VOID: Impressions

That certainly didn’t take long. Immediately after making the news post about VOID, made by some students at DigiPen, I downloaded it and tried it out. It’s worth pointing out that as the work of students and not even a full time Indie-game developer the game IS very short. It took me around about 20 minutes to get through the whole game but that was more than enough to form an Impressions on.

My explanation of the mechanic in the news post is round about right, but I will explain it again so you don’t have to look it up. Basically you carry around two different devices. In your left hand you carry a sort of screen which when you look through it you look at your surroundings as they appeared in the past (which is, who knows how many, years ago). In your right hand you carry a sort of time-travel, bending-time-and-space glove which allows you to shoot an area. A bubble will then appear around this area you “shot” and this bubble will be as it was in the past.

Some examples in the game. I could be walking down an empty corridor but when I look through the screen I would see that there are bookshelves along the walls, obviously now rotted away. And when I came to a broken stair-case, I shot a bubble of past at it. This meant that the everything inside the bubble temporarily reverted to how it had been in the past, including the staircase (which was now whole). I then dashed up the staircase before the bubble disappeared and the staircase was once again crumbled and broken.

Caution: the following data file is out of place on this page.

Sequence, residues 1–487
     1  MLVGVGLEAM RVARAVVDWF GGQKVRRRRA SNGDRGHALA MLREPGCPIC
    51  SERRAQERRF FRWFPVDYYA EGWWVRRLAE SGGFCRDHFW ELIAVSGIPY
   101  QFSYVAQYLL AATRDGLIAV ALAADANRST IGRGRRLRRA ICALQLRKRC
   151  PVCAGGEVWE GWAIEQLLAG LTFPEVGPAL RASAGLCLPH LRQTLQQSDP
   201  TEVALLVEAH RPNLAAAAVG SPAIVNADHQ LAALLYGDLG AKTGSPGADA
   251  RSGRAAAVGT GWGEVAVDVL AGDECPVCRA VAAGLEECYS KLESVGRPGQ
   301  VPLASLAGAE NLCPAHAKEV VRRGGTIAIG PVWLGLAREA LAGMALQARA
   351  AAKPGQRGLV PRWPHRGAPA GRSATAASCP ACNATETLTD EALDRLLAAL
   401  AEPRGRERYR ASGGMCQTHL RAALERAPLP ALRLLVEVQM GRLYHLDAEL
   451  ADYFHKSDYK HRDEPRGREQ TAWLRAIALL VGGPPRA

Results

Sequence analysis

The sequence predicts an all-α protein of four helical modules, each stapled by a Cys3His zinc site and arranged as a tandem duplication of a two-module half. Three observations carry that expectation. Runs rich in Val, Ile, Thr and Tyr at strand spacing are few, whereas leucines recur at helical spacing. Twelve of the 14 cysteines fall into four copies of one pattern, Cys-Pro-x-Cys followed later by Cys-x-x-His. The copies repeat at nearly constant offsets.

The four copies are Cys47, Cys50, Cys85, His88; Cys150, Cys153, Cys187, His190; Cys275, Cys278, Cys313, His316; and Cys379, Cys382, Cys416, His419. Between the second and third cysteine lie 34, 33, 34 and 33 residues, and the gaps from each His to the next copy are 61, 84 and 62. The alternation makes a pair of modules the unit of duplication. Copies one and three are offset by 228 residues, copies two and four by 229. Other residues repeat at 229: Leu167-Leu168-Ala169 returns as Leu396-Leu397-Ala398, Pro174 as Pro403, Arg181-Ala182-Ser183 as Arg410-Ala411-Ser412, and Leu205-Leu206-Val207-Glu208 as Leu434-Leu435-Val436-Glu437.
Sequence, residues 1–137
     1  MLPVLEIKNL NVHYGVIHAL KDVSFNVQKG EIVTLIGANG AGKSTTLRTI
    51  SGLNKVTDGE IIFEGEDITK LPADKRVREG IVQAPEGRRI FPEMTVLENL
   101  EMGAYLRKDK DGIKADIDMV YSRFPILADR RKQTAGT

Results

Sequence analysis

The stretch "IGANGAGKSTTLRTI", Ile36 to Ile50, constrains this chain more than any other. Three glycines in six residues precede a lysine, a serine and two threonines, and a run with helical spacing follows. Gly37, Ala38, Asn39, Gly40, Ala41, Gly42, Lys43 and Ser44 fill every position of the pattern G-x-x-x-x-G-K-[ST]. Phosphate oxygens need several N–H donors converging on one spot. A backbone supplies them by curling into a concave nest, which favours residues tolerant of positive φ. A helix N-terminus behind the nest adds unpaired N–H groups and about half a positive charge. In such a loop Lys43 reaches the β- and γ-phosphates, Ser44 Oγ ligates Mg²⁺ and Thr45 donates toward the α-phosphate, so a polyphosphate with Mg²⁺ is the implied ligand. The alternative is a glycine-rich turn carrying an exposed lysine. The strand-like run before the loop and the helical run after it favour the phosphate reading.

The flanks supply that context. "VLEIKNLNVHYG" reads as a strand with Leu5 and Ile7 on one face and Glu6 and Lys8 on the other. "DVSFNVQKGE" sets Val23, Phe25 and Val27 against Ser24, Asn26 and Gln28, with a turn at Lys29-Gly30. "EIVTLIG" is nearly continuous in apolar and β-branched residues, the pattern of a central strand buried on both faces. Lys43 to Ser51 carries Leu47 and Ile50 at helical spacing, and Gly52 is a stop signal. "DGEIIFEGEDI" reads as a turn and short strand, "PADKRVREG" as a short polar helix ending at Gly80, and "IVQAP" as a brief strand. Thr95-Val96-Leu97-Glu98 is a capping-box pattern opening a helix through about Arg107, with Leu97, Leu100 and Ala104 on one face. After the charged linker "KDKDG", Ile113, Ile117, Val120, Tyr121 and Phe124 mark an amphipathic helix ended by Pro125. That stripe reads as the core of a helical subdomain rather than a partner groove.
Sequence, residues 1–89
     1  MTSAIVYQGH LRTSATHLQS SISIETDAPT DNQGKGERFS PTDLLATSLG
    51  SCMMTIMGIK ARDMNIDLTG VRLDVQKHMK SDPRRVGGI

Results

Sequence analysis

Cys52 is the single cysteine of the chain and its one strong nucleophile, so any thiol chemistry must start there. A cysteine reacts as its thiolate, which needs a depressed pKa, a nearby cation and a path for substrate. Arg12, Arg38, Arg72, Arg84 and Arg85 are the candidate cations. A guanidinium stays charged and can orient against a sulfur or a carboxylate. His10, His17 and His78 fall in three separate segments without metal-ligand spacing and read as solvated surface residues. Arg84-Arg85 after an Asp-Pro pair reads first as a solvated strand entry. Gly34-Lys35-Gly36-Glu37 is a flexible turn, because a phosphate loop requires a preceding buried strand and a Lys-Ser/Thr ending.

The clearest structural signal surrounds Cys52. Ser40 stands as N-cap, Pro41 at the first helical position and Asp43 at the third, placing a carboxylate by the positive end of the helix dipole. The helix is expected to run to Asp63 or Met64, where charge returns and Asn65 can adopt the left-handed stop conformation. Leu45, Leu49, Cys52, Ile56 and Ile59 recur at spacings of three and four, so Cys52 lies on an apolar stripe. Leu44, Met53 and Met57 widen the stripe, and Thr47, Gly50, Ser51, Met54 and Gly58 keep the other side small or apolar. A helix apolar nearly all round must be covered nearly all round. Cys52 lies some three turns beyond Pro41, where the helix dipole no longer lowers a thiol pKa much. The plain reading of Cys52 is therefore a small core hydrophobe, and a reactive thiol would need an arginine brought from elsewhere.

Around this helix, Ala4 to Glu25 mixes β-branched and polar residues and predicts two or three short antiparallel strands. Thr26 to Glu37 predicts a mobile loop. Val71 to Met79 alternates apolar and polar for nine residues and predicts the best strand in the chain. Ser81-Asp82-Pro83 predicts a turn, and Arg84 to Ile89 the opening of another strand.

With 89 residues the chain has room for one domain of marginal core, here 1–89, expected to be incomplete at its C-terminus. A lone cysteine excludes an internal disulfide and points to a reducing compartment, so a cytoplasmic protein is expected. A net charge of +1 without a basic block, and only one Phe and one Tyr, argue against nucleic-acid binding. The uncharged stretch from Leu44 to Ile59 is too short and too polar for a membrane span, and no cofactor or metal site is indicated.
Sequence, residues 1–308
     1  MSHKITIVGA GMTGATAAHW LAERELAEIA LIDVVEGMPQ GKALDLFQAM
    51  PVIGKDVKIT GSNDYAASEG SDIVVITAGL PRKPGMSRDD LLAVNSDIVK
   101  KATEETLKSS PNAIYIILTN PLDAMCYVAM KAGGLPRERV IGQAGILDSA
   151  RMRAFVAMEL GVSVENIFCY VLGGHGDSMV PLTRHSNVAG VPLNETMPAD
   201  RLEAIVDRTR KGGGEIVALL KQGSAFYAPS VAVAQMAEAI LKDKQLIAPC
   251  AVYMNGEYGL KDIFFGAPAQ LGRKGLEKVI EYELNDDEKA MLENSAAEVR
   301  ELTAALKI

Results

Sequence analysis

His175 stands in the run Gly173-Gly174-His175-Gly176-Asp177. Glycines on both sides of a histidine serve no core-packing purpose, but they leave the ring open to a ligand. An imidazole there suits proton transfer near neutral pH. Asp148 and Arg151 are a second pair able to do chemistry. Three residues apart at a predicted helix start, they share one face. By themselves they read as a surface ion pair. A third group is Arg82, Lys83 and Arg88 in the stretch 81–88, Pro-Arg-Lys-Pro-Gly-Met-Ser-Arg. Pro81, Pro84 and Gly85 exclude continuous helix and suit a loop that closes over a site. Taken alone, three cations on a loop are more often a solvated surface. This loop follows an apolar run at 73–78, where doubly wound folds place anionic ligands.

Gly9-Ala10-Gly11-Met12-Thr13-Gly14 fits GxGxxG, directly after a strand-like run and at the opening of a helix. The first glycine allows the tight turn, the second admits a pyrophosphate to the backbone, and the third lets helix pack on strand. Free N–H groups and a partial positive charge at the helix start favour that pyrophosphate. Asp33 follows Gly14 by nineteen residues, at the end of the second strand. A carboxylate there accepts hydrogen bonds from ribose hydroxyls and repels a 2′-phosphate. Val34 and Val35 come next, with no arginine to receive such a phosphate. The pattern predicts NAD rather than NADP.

Overall the graphics and gameplay of the game are absolutely wonderful. There isn’t really a story yet and without a story there isn’t really any feeling of atmosphere or being drawn into the game. But that isn’t what this is about, it’s about testing and trying out this wonderfully intelligent new gameplay mechanism.

There are a few moments where you are in pools of shallow water in the present but then when you shoot a bubble of the past at your feet you will be in a much deeper pool of water that was around back then. This was absolutely and ridiculously cool and actually rather impressive as an idea. Plus the end of this little… Demo shall we say… was rather amusing and definitely enjoyable.

There isn’t really much more to say at the moment other than that the game is showing an absolute tonne of promise and a rather impressive amount of polish for a game designed by students.

I don’t really want to say much more (although as I have said there isn’t really that much more to say at the moment) nor have I made any videos or taken any screenshots of the game. All I will say is that I absolutely urge you to give this gem a try while you can. It will only take 20 minutes of your time and I guarentee it will impress.

Well played Indie Game developers… you win again!

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